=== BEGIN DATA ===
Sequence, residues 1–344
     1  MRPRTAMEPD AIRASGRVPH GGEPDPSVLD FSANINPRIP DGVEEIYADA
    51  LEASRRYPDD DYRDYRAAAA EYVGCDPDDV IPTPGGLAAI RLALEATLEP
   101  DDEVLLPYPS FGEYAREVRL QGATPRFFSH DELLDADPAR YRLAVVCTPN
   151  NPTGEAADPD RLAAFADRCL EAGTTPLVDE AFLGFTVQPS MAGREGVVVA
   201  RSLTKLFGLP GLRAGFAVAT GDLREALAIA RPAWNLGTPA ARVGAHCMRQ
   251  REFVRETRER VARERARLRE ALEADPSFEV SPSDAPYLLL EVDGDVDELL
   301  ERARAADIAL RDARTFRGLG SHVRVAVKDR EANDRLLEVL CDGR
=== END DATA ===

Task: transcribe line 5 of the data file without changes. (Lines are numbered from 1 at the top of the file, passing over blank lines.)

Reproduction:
   151  NPTGEAADPD RLAAFADRCL EAGTTPLVDE AFLGFTVQPS MAGREGVVVA